Legislature(2015 - 2016)BELTZ 105 (TSBldg)
04/13/2016 01:30 PM JUDICIARY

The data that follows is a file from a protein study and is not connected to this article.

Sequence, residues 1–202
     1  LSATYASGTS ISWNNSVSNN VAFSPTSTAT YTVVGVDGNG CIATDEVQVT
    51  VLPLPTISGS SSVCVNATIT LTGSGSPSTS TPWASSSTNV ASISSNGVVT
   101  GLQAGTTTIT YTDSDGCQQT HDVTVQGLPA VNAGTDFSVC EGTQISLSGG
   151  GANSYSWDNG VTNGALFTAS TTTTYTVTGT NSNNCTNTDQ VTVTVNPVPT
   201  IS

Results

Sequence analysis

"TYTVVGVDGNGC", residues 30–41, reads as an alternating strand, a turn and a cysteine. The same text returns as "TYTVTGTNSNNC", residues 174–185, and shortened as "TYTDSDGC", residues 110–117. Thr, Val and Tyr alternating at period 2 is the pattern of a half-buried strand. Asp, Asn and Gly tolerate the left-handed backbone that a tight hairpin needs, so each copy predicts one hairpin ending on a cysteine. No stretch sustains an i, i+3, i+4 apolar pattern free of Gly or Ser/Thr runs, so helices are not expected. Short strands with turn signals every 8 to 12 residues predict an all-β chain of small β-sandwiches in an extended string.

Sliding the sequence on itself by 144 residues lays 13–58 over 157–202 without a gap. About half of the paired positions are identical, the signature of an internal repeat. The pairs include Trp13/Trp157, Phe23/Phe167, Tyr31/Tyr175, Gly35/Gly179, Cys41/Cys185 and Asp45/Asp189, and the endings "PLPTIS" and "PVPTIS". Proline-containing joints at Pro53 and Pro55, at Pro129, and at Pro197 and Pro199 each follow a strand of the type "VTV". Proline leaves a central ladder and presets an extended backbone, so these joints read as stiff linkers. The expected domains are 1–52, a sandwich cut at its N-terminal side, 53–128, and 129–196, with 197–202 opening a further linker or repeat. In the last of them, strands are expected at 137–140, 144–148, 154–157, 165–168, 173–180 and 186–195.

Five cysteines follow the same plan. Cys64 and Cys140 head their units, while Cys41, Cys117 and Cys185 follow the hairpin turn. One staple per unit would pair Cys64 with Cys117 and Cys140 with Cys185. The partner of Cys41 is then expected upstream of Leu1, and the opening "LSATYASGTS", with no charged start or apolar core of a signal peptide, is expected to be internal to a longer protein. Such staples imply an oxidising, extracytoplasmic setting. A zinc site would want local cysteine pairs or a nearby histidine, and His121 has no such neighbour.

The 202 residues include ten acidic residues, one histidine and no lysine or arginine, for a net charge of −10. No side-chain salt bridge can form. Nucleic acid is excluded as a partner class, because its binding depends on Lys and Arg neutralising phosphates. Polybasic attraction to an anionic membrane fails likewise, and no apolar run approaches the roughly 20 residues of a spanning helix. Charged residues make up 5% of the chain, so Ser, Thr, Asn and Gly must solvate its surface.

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ALASKA STATE LEGISLATURE SENATE JUDICIARY STANDING COMMITTEE April 13, 2016 1:50 p.m. MEMBERS PRESENT Senator Lesil McGuire, Chair Senator John Coghill, Vice Chair Senator Mia Costello Senator Bill Wielechowski MEMBERS ABSENT Senator Peter Micciche COMMITTEE CALENDAR CS FOR SS FOR HOUSE BILL NO. 27(JUD) AM "An Act relating to the duties of the Department of Health and Social Services; relating to hearings on and plans for permanent placement of a child in need of aid; relating to school placement and transportation for children in foster care; relating to foster care transition programs; relating to emergency and temporary placement of a child in need of aid; relating to transitional living arrangements for children in foster care; and amending Rule 17.2, Alaska Child in Need of Aid Rules of Procedure." - MOVED SCS CSSSHB 27(HSS) OUT OF COMMITTEE HOUSE BILL NO. 308 AM "An Act relating to the limitation of liability for the inspection, installation, or adjustment of a child safety seat or in providing education regarding the installation or adjustment of a child safety seat; and relating to child safety devices in motor vehicles. - HEARD & HELD SENATE BILL NO. 187 "An Act relating to arson in the third degree." - MOVED SB 187 OUT OF COMMITTEE SENATE BILL NO. 212 "An Act relating to civil in rem forfeiture actions; and providing for an effective date." - HEARD & HELD COMMITTEE SUBSTITUTE FOR HOUSE BILL NO. 8(JUD) AM "An Act relating to powers of attorney and other substitute decision-making documents; relating to the uniform probate code; relating to notaries public; and providing for an effective date." - MOVED SCS CSHB 8(JUD) OUT OF COMMITTEE CS FOR HOUSE BILL NO. 126(JUD) am "An Act relating to the administration of military justice; relating to the adoption of regulations by the adjutant general; relating to the authority of the adjutant general; relating to appeals of convictions and sentences of courts-martial; establishing the Military Appeals Commission; relating to the detention and incarceration of members of the militia; relating to the jurisdiction of the supreme court over petitions from the Military Appeals Commission; relating to involuntary commitment for evaluation or treatment of a mental disease or defect before court-martial proceedings; relating to offenses subject to court-martial proceedings; amending Rule 6, Alaska Rules of Criminal Procedure; and providing for an effective date." - SCHEDULED BUT NOT HEARD PREVIOUS COMMITTEE ACTION BILL: HB 27 SHORT TITLE: DHSS DUTIES; CINA; FOSTER CARE; ADOPTION SPONSOR(s): REPRESENTATIVE(s) GARA 01/21/15 (H) PREFILE RELEASED 1/9/15 01/21/15 (H) READ THE FIRST TIME - REFERRALS 01/21/15 (H) HSS, JUD 02/11/15 (H) SPONSOR SUBSTITUTE INTRODUCED 02/11/15 (H) READ THE FIRST TIME - REFERRALS 02/11/15 (H) HSS, JUD 02/12/15 (H) HSS AT 3:00 PM CAPITOL 106 02/12/15 (H) Heard & Held 02/12/15 (H) MINUTE (HSS) 02/24/15 (H) HSS AT 3:00 PM CAPITOL 106 02/24/15 (H) Heard & Held 02/24/15 (H) MINUTE (HSS) 04/02/15 (H) HSS AT 3:00 PM CAPITOL 106 04/02/15 (H) Moved SSHB 27 Out of Committee 04/02/15 (H) MINUTE (HSS) 04/03/15 (H) HSS RPT 4DP 04/03/15 (H) DP: TARR, FOSTER, WOOL, SEATON 04/13/15 (H) JUD AT 1:00 PM CAPITOL 120 04/13/15 (H) Moved CSSSHB 27(JUD) Out of Committee 04/13/15 (H) MINUTE (JUD) 04/15/15 (H) JUD RPT CS (JUD) NT 5DP 1AM 04/15/15 (H) DP: CLAMAN, LYNN, FOSTER, GRUENBERG, LEDOUX 04/15/15 (H) AM: KELLER 04/01/16 (H) TRANSMITTED TO (S) 04/01/16 (H) VERSION: CSSSHB 27(JUD) AM 04/04/16 (S) READ THE FIRST TIME - REFERRALS 04/04/16 (S) HSS, JUD 04/11/16 (S) HSS AT 1:30 PM BUTROVICH 205 04/11/16 (S) Heard & Held 04/11/16 (S) MINUTE (HSS) 04/13/16 (S) HSS RPT SCS 3DP SAME TITLE 04/13/16 (S) DP: STEDMAN, STOLTZE, GIESSEL 04/13/16 (S) HSS AT 9:00 AM FAHRENKAMP 203 04/13/16 (S) Moved SCS CSSSHB 27(HSS) Out of Committee 04/13/16 (S) MINUTE (HSS) 04/13/16 (S) JUD AT 1:30 PM BELTZ 105 (TSBldg) BILL: HB 308 SHORT TITLE: CHILD SAFETY SEAT INSTALLATION LIABILITY SPONSOR(s): REPRESENTATIVE(s) MILLETT 02/12/16 (H) READ THE FIRST TIME - REFERRALS 02/12/16 (H) L&C, JUD 03/28/16 (H) L&C AT 3:15 PM BARNES 124 03/28/16 (H) Moved HB 308 Out of Committee 03/28/16 (H) MINUTE (L&C) 03/29/16 (H) L&C RPT 3DP 2NR 03/29/16 (H) DP: HUGHES, TILTON, OLSON 03/29/16 (H) NR: JOSEPHSON, KITO 04/06/16 (H) JUD AT 1:00 PM GRUENBERG 120 04/06/16 (H) Moved HB 308 Out of Committee 04/06/16 (H) MINUTE (JUD) 04/07/16 (H) JUD RPT 6DP 04/07/16 (H) DP: MILLETT, KREISS-TOMKINS, LYNN, KELLER, CLAMAN, LEDOUX 04/10/16 (H) TRANSMITTED TO (S) 04/10/16 (H) VERSION: HB 308 AM 04/11/16 (S) READ THE FIRST TIME - REFERRALS 04/11/16 (S) JUD 04/13/16 (S) JUD AT 1:30 PM BELTZ 105 (TSBldg) BILL: SB 187 SHORT TITLE: MOTOR VEHICLE ARSON ON PRIVATE PROPERTY SPONSOR(s): SENATOR(s) EGAN 02/19/16 (S) READ THE FIRST TIME - REFERRALS 02/19/16 (S) JUD 04/13/16 (S) JUD AT 1:30 PM BELTZ 105 (TSBldg) BILL: SB 212 SHORT TITLE: FORFEITURE: NO CIVIL IN REM; ONLY CRIMINAL SPONSOR(s): JUDICIARY 04/11/16 (S) READ THE FIRST TIME - REFERRALS 04/11/16 (S) JUD, FIN 04/13/16 (S) JUD AT 1:30 PM BELTZ 105 (TSBldg) BILL: HB 8 SHORT TITLE: POWERS OF ATTORNEY SPONSOR(s): HUGHES 01/21/15 (H) PREFILE RELEASED 1/9/15 01/21/15 (H) READ THE FIRST TIME - REFERRALS 01/21/15 (H) JUD 02/13/15 (H) JUD AT 1:00 PM CAPITOL 120 02/13/15 (H) Heard & Held 02/13/15 (H) MINUTE (JUD) 02/23/15 (H) JUD AT 1:00 PM CAPITOL 120 02/23/15 (H) Moved CSHB 8(JUD) Out of Committee 02/23/15 (H) MINUTE (JUD) 02/25/15 (H) JUD RPT CS (JUD) 2DP 4NR 02/25/15 (H) DP: LYNN, KELLER 02/25/15 (H) NR: MILLETT, CLAMAN, GRUENBERG, FOSTER 03/09/15 (H) TRANSMITTED TO (S) 03/09/15 (H) VERSION: CSHB 8(JUD) AM 03/11/15 (S) READ THE FIRST TIME - REFERRALS 03/11/15 (S) HSS, JUD 04/10/15 (S) HSS AT 1:30 PM BUTROVICH 205 04/10/15 (S) Heard & Held 04/10/15 (S) MINUTE (HSS) 01/27/16 (S) HSS AT 1:30 PM BUTROVICH 205 01/27/16 (S) Moved SCS CSHB 8(HSS) Out of Committee 01/27/16 (S) MINUTE (HSS) 01/29/16 (S) HSS RPT SCS 3DP 2NR SAME TITLE 01/29/16 (S) DP: GIESSEL, ELLIS, KELLY 01/29/16 (S) NR: STEDMAN, STOLTZE 02/08/16 (S) JUD AT 1:30 PM BELTZ 105 (TSBldg) 02/08/16 (S) Heard & Held 02/08/16 (S) MINUTE (JUD) WITNESS REGISTER REPRESENTATIVE LES GARA Alaska State Legislature Juneau, Alaska POSITION STATEMENT: Sponsor of HB 27. TRACY SPARTZ CAMPBELL, Deputy Director Office of Children Services Department of Health and Social Services (DHSS) Juneau, Alaska POSITION STATEMENT: Testified in support of HB 27. AMANDA METIVIER, Executive Director Facing Foster Care in Alaska Anchorage, Alaska POSITION STATEMENT: Testified in support of HB 27. LINDSEY WHITT, Staff Representative Charisse Millett POSITION STATEMENT: Introduced HB 308 on behalf of the sponsor. SARA PENISTEN, RN Providence Medical Center Anchorage, Alaska POSITION STATEMENT: Answered questions related to HB 308. FORREST WOLFE, Staff Senator Lesil McGuire Alaska State Legislature Juneau, Alaska POSITION STATEMENT: Introduced SB 212 on behalf of the sponsor. MEGAN WALLACE, Legislative Attorney Legislative Legal Services Legislative Affairs Agency Juneau, Alaska POSITION STATEMENT: Answered questions related to SB 212. PETER SANDBERG, Attorney Ingaldson Maassen Fitzgerald Anchorage, Alaska POSITION STATEMENT: Commented on SB 212. JESSE KIEHL, Staff Senator Dennis Egan Alaska State Legislature Juneau, Alaska POSITION STATEMENT: Introduced SB 187 on behalf of the sponsor. DAN JAGER Fire Marshall Capital City Fire and Rescue and Board Member Alaska Association of Fire Arson Investigators Juneau, Alaska POSITION STATEMENT: Testified in support of SB 187. REPRESENTATIVE SHELLEY HUGHES Alaska State Legislature Juneau, Alaska POSITION STATEMENT: Sponsor of HB 8. GINGER BLAISDELL, Staff Representative Shelley Hughes Alaska State Legislature Juneau, Alaska POSITION STATEMENT: Reviewed the changes between version G and version L of HB 8. ACTION NARRATIVE 1:50:01 PM CHAIR LESIL MCGUIRE called the Senate Judiciary Standing Committee meeting to order at 1:50 p.m. Present at the call to order were Senators Costello, Coghill, Wielechowski, and Chair McGuire. HB 27-DHSS DUTIES; CINA; FOSTER CARE; ADOPTION 1:51:14 PM CHAIR MCGUIRE announced the consideration of HB 27. [SCS CSSSHB 27(HSS) is before the committee.] 1:51:20 PM REPRESENTATIVE LES GARA, Alaska State Legislature, Juneau, Alaska, sponsor of HB 27, said the goal of the legislation is to get youths out of foster care and into loving, permanent homes. Alaska has more youth per capita waiting for an adoptive home than all other states but Oklahoma. Alaska has 700 youth waiting for adoption while Wyoming, that has a similar population, has 81 children in foster care. Many children linger in the foster care system or are bounced between foster homes. He mentioned a university student who transitioned through 47 foster homes and stressed that you shouldn't need to be a hero to survive the foster care system. He talked about the stresses within the Office of Children's Services (OCS) and related that the bill aims to provide a double safety check to ensure that the most important things regarding foster care are done right. During the regular status hearings, the court will ask the caseworker what he/she has done to get the child into a permanent home, such as a family search. If the caseworker hasn't done anything, the court will direct them to come back in 20 days to show the family search has been done. He described two brothers who were 16 and in foster care their whole lives before a caseworker found out they had a grandparent, an aunt, and an uncle. The bill requires OCS at every placement change to make sure that the family search is updated. He described the Casey Family Foundation that worked to allow youth to stay in foster care as long as they need to, up to age 21. He stressed that a youth that isn't ready to go out on their own shouldn't be dumped out of the system. About 25 percent of foster youth end up in jail at some point and roughly 40 percent end up couch surfing or homeless. Another part of HB 27 is that caseworkers must now show, at the regular status hearing, that it is in the youth's best interest to exit the foster care system. REPRESENTATIVE GARA said the bill also recognizes the importance of school stability for a foster child. It provides that the department will attempt to keep the child in the same school, if feasible, because on average, every school bounce moves the child four months behind in their education. 1:58:24 PM CHAIR MCGUIRE commented that if there isn't stability in the family, it's needed in the school. REPRESENTATIVE LES GARA said another important provision allows OCS to let a child live in a dorm while they're in foster care if they still need to be in foster care. Right now that's illegal. The bill also says that OCS should help the child with education or vocational training. It removes the term "basic education" which he described as somewhat reminiscent of Charles Dickens. The bill also asks the department when its members are in front of a large group to let the crowd know they have a shortage of foster families and adoptive families. The department has frequent access to large crowds on a regular basis which makes it a good venue for getting the message out, and it doesn't cost money. REPRESENTATIVE GARA concluded with a quote from the Alaska Children's Trust that said, "This bill will help reduce the impact of trauma by taking steps to get youth out of foster care into loving homes. It reduces new incidences of adverse childhood experiences and builds resilience among Alaska's children." CHAIR MCGUIRE expressed appreciation for the bill and the sponsor's work in the area of foster care. She spoke of her frustration about the pro-life mandate in the building when there isn't sufficient work once the child is born. If every life matters we need to find ways that the child has a great chance at life, she said. This bill is a terrific step in that direction. 2:05:53 PM SENATOR COSTELLO referenced a chart in the bill packets and asked if he knows what Maryland has done since 2005 to reduce the number of kids in the foster care system from 2,000 to 500. REPRESENTATIVE LES GARA said he didn't know but he'd make it a summer project to find out. CHAIR MCGUIRE requested he consider using interns and law students to work toward changing the system. 2:07:23 PM SENATOR COGHILL expressed appreciation for the legislation and noted it aligns with the Indian Child Welfare Act (ICWA). Directing attention to the new language in Section 5 relating to transfers of a child from one out-of-home placement to another, he asked if it's in keeping with existing requirements or a new requirement that an adult family member or family friend must meet the foster care licensing requirements established by the department. REPRESENTATIVE GARA replied the licensing requirements are the same. This section is to make sure that a search for a family member or family friend is done with each transfer in placement. SENATOR COGHILL said he wanted to make sure this didn't create a new hurdle for families and make it more difficult to take in family members. REPRESENTATIVE GARA said the licensing requirements are the same including the lower level licensing requirements for a relative placement, but in all cases there is a criminal background check and a finding that it's in the best interest of the child. SENATOR COGHILL questioned the change in Section 9 that increases the upper limit of state oversight of a child in state custody from 18 years of age to 21 years of age. He noted that in most cases, a person who is 18 is considered an adult. REPRESENTATIVE GARA said the bill doesn't change the age of consent and a child is already able to stay in foster care up to 21 years of age. Existing law requires the department to continue to search for a suitable adoptive or permanent placement of a child up to 18 years of age and the bill would require the department to continue that search up to 21 years of age. After age 18, the child is called a person. He said he knows of older children who still want to be adopted. SENATOR COGHILL expressed satisfaction with the bill and opined that this codifies what the department is already doing. REPRESENTATIVE GARA clarified that the department believes in these things and wants their caseworkers to be doing these things. But because it's not always happening, the bill has the court double check and ask at every status hearing whether or not the caseworker has tried to find a permanent home or if it's in the best interest of the child to drop him/her out of foster care against their will. CHAIR MCGUIRE commented on the potential to have a broader spectrum of foster parents for older youths, and expressed hope that the sponsor's efforts lead to new grants. 2:16:24 PM TRACY SPARTZ CAMPBELL, Deputy Director, Office of Children Services, Department of Health and Social Services (DHSS), stated that HB 27 offers a double check by the court to ensure that the work that caseworkers should be doing is being done. Other provisions include the addition to the permanency report requiring the department to report to the court that reasonable efforts have been made to find a permanent home and when older youth are exiting care there will need to be a report that outlines it is in the best interest of the youth to exit care. She highlighted that the bill aligns federal mandates with current statutory requirements, which will allow the department to streamline their mandates. She emphasized the effort OCS puts into looking for relatives with every placement transfer. She related that they often talk about first placement/best placement being with a relative, and the bill reinforces that. When a placement transfer is necessary they also strive for educational stability. Because much of what is presented in the bill is already being done, the division has presented a zero fiscal note. 2:19:00 PM AMANDA METIVIER, Executive Director, Facing Foster Care in Alaska, testified in support of HB 27. She said foster youth throughout the state have been asking for this legislation for some time and her organization requested certain provisions. In particular is the continued search for permanent, loving families. She shared that she has a foster youth in her home who has been in the foster care system for about 12 years and has moved through 47 different foster care placements. HB 27 aims to help situations like this by continuing to search for a permanent family or relatives. SENATOR COSTELLO expressed appreciation for the work Ms. Metivier and her daughter have done to help move the bill along. 2:21:40 PM CHAIR MCGUIRE closed public testimony on HB 27. SENATOR COGHILL clarified the working document is version S that was reported from the Senate Health and Social Services Standing Committee on CHAIR MCGUIRE asked the sponsor if he had any other changes to highlight. REPRESENTATIVE LES GARA explained that the amendment that passed the House floor was refined in the Senate committee substitute, version S, to ensure that decisions regarding school placement don't add costs unnecessarily. These decisions will be addressed during team decision meetings, where all stakeholders meet to discuss foster placement changes. He noted that OCS would like to extend the team decision making model statewide but it is currently limited to the larger urban areas. This is addressed on page 7, lines 13-16. 2:25:48 PM SENATOR COGHILL moved to report the Senate CS for HB 27 from committee with individual recommendations and attached fiscal note(s). CHAIR MCGUIRE announced that without objection, SCS CSSSHB 27(HSS) is reported from the Senate Judiciary Standing Committee. HB 308-CHILD SAFETY SEAT INSTALLATION LIABILITY 2:26:25 PM CHAIR MCGUIRE announced the consideration of HB 308. She noted that HB 308 AM is before the committee and this is the first hearing. 2:26:45 PM LINDSEY WHITT, Staff, Representative Charisse Millett, Alaska State Legislature, Juneau, Alaska, introduced HB 308 speaking to the following sponsor statement: Motor vehicle injuries are a leading cause of death and injury among children in the United States. However, many of these deaths are preventable with the correct installation and use of child passenger safety devices, like car seats or booster seats. Car seat use reduces the risk for death to infants by 71%; and to toddlers by 54% in passenger vehicles. Booster seat use reduces the risk for serious injury by 45% for children aged 4-8 years when compared with seat belt use alone. The correct installation of any of these devices can alter their effectiveness dramatically, but many parents or caregivers accidentally misuse child restraints due to their complicated, unwieldy nature. In Alaska, the Child Passenger Safety Coalition has made the goal of protecting children traveling on the roadways of Alaska their priority. Members include healthcare professionals, firefighters, paramedics, law enforcement officers, injury prevention professionals, health and safety personnel, educators, parents, businesses, foundations, policymakers, and volunteers. Their team of Child Passenger Safety Technicians perform checks and help with the installation of child passenger safety devices for any new or interested parent or caregiver. Technicians are certified after successfully completing a 3 or 4-day program of classroom and hands-on work with child restraints and motor vehicles then demonstrate their skills at a community CPS check-up event. The resulting certification as a Child Passenger Safety Technician is nationally recognized and valid for 2 years. However, recruitment of new technicians can be difficult due to a lack of liability protection. To remedy this deficit of trained safety experts who provide essential assistance to parents, caregivers, and most importantly children, House Bill 308 limits the civil liability of certified technicians, or those who facilitate their program, in the case that an accident results from an act or omission in the inspection, installation, or adjustment of a child passenger safety device. With the goal of having our state's children safe and secured in their car seats and booster seats, this bill hopes to increase the numbers of those who can effectively install and inspect devices and direct liability to those who actually commit wrongful, criminal acts. CHAIR MCGUIRE listed the individuals available to answer questions: Anthony Green with Safe Kids Worldwide, Sara Penisten with Providence Medical Center, Clifton Powell with the Anchorage Fire Department, Jane Fellman with Safe Kids Kenai Peninsula, Mari Carpeneti with the Department of Law, Megan Wallace with Legislative Legal, and Corlis Taylor with the Alaska Child Passenger Safety Coalition. 2:28:11 PM MS. WHITT offered the following sectional analysis for HB 308: Section 1: Provides that the following are not civilly liable in the case of an act or omission that occurs in the inspection, installation, or adjustment of a child safety seat or in providing education regarding the installation or adjustment of a child safety seat: - A certified Child Passenger Safety Technician (CPST) - A person who arranges or offers the services of a CPST for the community - A person who owns property where a CPST is operating A CPST must offer their services for free or for the amount of their actual costs, in good faith, and within the scope of their training. They may also not be sponsored by a child passenger safety device manufacturer or retailer. Section 2: A new subsection (b) to AS 28.05.095 was added on the House floor changing the weight requirements of a child who is in need of a booster seat. A child under age 16 may not be transported in a vehicle without securing them safely. - A child one year of age or a child one year or older who weighs less than 20 pounds must be properly secured in a rear-facing child seat. - A child of one or more years but less than five years of age who weighs 20 pounds or more shall be properly secured in a child restraint device. - A child over four years of age but less than eight years of age who is less than 57 inches in height and weighs 20 or more pounds but less than 65 pounds shall be properly secured in a booster seat. Section 3 Applicability clause. 2:31:52 PM SENATOR COSTELLO questioned why seat belts aren't required in school buses. MS. WHITT deferred to Sara Penisten. 2:32:29 PM SARA PENISTEN, RN, Providence Medical Center, said the statistics from the motor vehicle testing process indicate that school buses are 8 times safer for a child passenger than riding in a private motor vehicle. However, the National Highway Traffic Safety Administration (NHTSA) is currently looking at new requirements for school buses and changes in recommendations for school busses are expected in the next few years. She explained that traditionally they have operated on a compartmentalization model that is similar to eggs in an egg crate; if students are sitting in their seats facing forward, they are protected in a frontal collision. The protection doesn't extend to rollover situations. SENATOR COSTELLO said it's encouraging that changes are likely because she never understood the exemption. CHAIR MCGUIRE held HB 308 in committee. SB 212-FORFEITURE: NO CIVIL IN REM; ONLY CRIMINAL 2:35:26 PM CHAIR MCGUIRE announced the consideration of SB 212. She noted that this is the first hearing. 2:35:29 PM FORREST WOLFE, Staff, Senator McGuire, Alaska State Legislature, Juneau, Alaska, introduced SB 212 on behalf of the sponsor speaking to the following prepared statement: Senate Bill 212 protects the private property rights of innocent citizens by requiring that Alaska's revered and dedicated law enforcement agencies, charge individuals with a crime before permanently seizing private property Across the nation, civil asset forfeiture laws have gained notoriety in recent years for rampant abuse and deliberate circumvention of due process. Well- documented cases of policing for profit have sparked a wave of reform nationwide. SB 212 is a step in the right direction in protecting private citizens' property rights and affirming the integrity of law enforcement. 2:36:30 PM SENATOR COGHILL asked for an explanation of in rem forfeiture actions. MR. WOLFE deferred the question to the drafter. 2:36:56 PM MEGAN WALLACE, Legislative Attorney, Legislative Legal Services, Legislative Affairs Agency, explained that in rem is an action brought against a piece of property as opposed to against a person. CHAIR MCGUIRE asked Mr. Sandberg to comment on the bill. 2:37:55 PM PETER SANDBERG, Attorney, Ingaldson Maassen Fitzgerald, explained that SB 212 is intended to ensure that people don't unjustly lose their property in a civil proceeding. If there is going to be forfeiture of property, it will happen through the criminal process. He noted that Mr. Skidmore would probably say that civil in rem forfeiture isn't used in Alaska, but cases from the late 1990s and early 2000s make it clear that it was used. In some of those cases the people were acquitted and still lost their property. SENATOR WIELECHOWSKI asked if this is a problem in Alaska. MR. SANDBERG said there is no single procedure for forfeiture in Alaska law and he believes that most people would say it's fundamentally unfair to be acquitted of a crime and still have your property taken. He read the summary of the Waste v. State decision that is the case law on the matter. CHAIR MCGUIRE referenced an article in the packet that refers to a U.S. Supreme Court ruling tossing out Alvarez v. Smith. She said that was a challenge to a portion of the asset forfeiture law in Illinois allowing government to keep seized property for up to six months before giving an owner a day in court. 2:43:10 PM SENATOR WIELECHOWSKI noted an article indicating that in rem forfeiture is a civil method of law enforcement for Indian tribes. He expressed interest in knowing if that's an issue in Alaska. 2:43:29 PM CHAIR MCGUIRE held SB 212 in committee for future consideration. SB 187-MOTOR VEHICLE ARSON ON PRIVATE PROPERTY 2:43:52 PM CHAIR MCGUIRE announced the consideration of SB 187. 2:44:06 PM JESSE KIEHL, Staff, Senator Dennis Egan, Alaska State Legislature, Juneau, Alaska, informed the committee that SB 187 closes an interesting oddity in Alaska's arson law. Under existing law, if a person intentionally lights a fire and there is a serious risk of injury to someone, that is arson in the first degree, a class A felony. If a person intentionally burns a building that isn't theirs, that is arson in the second degree, a class B felony. If someone burns a vehicle, whether they own it or not, on city or state land, that is arson in the third degree, a class C felony. But it is not arson if a person burns the boss's car in the company parking lot or an ex's car in her driveway. That is criminal mischief in the third degree. SB 187 fixes that oddity by extending the crime of arson to include burning another person's car, regardless of where it is parked. It will be arson in the third degree, a class C felony. 2:46:21 PM CHAIR MCGUIRE commented that burning is an early indicator of deviant, antisocial behavior; it demonstrates a wanton disregard for life and property. MR. KIEHL related that the current arson statute was created in 2008 and aimed at a particular situation that had gotten out of control. The sponsor of that bill supports this legislation. CHAIR MCGUIRE asked if the mental intent is intentionally. MR. KIEHL said intentionally burning is the status quo language throughout the existing arson statutes and there have been many successful prosecutions with that language. CHAIR MCGUIRE commented on the Sockeye Fire. MR. KIEHL said the follow-on risks to intentionally starting a fire are significant and, as a former volunteer fireman, the sponsor is particularly concerned about the risk to first responders in a vehicle fire. SENATOR COGHILL stated support for the bill. 2:50:53 PM DAN JAGER Fire Marshall, Capital City Fire and Rescue, and board member, Alaska Association of Fire Arson Investigators, said this group has been pushing to make changes in the arson statute. SB 187 adds clarification for fire investigators across the state and ensures that people who are responsible for burning vehicles will be properly charged. 2:51:32 PM CHAIR MCGUIRE found no further comment and closed public testimony on SB 187. Finding no amendments or committee discussion, she solicited a motion. 2:51:47 PM SENATOR COGHILL moved to report SB 187 from committee with individual recommendations and attached zero fiscal note. CHAIR MCGUIRE announced that without objection, SB 187 is reported from the Senate Judiciary Standing Committee. HB 8-POWERS OF ATTORNEY 2:52:24 PM CHAIR MCGUIRE announced the consideration of HB 8. She relayed that this is the second hearing, public testimony is open, and there is a proposed committee substitute. 2:53:10 PM SENATOR COSTELLO moved to adopt SCS CSHB 8, labeled 29-LS0055\L, as the working document. CHAIR MCGUIRE announced that without objection version L is adopted. 2:53:33 PM REPRESENTATIVE SHELLEY HUGHES, Alaska State Legislature, sponsor of HB 8, thanked the Chair for bringing the bill back for consideration. She described HB 8 as a top priority for many groups representing seniors and noted it is the culmination of three year's work. 2:54:01 PM GINGER BLAISDELL, Staff, Representative Shelley Hughes, reviewed the changes between version G and version L of HB 8. Page 5, lines 2 and 10: Change "seven" to "five". Page 5, line 13: Change "five" to "three". Explanation: Three amendments change the wait times by two fewer days, for businesses and financial institutions to honor the Agent's powers. When the Agent is acting on behalf of the Principle in honesty, reducing the wait time to less than two weeks, could reduce the possibility for unforeseen consequences. A delay to recognize the POA could result in late payments with fees and can cause undue stress and unnecessary administrative burden on the Agent. Page 7, lines 3-10: Delete all material. Renumber remaining bill sections accordingly. Explanation: This amendment is a conforming amendment so that the Power of Attorney language adopted in this Act eliminates duplicative language that is provided for in the Recognition of Substitute Decision-Making Documents provisions in Section 27 (renumbered). Page 8, lines 7-13: Delete: "Mark the box of "NO" that is opposite a category below to indicate that you are not giving your agent or agents the power in that category. Mark a box for every category. If you do not mark either of the boxes opposite a category, or if you mark both of the boxes" Insert" "If you do not mark a box" Page 8, line 21 through Page 9, line 10: Remove the "NO" column Page 13, lines 23-26: Delete: "(5) if the principal has failed to mark either of the "Yes" or "No" boxes opposite a category of power, or if the principal has marked both the "Yes" or "No" boxes opposite a category of power, the agent does not have the power in that category." Explanation: Three amendments change the statutory form to offer only a "Yes" column for the principal to indicate which powers are to be given to the agent. The amendments remove additional instruction on completing the form to fit a single option response rather than a "yes" - "no" option. Page 38, lines 16-17: Delete "Except as provided in AS 13.26.331, a" Insert "A" Explanation: This amendment is a conforming amendment so that the Power of Attorney language adopted in this Act eliminates duplicative language that was provided in Section 5. 2:55:17 PM SENATOR COGHILL described the current version as a good compromise. SENATOR COSTELLO thanked the sponsor for working with the committee to add protections for seniors. 2:56:21 PM SENATOR COGHILL moved to report the Senate CS for CS for HB 8, labeled 29-LS0055\L, from committee with individual recommendations and attached zero fiscal note. CHAIR MCGUIRE announced that without objection, SCS CSHB 8(JUD) is reported from the Senate Judiciary Standing Committee. 2:56:49 PM There being no further business to come before the committee, Chair McGuire adjourned the Senate Judiciary Standing Committee meeting at 2:56 p.m.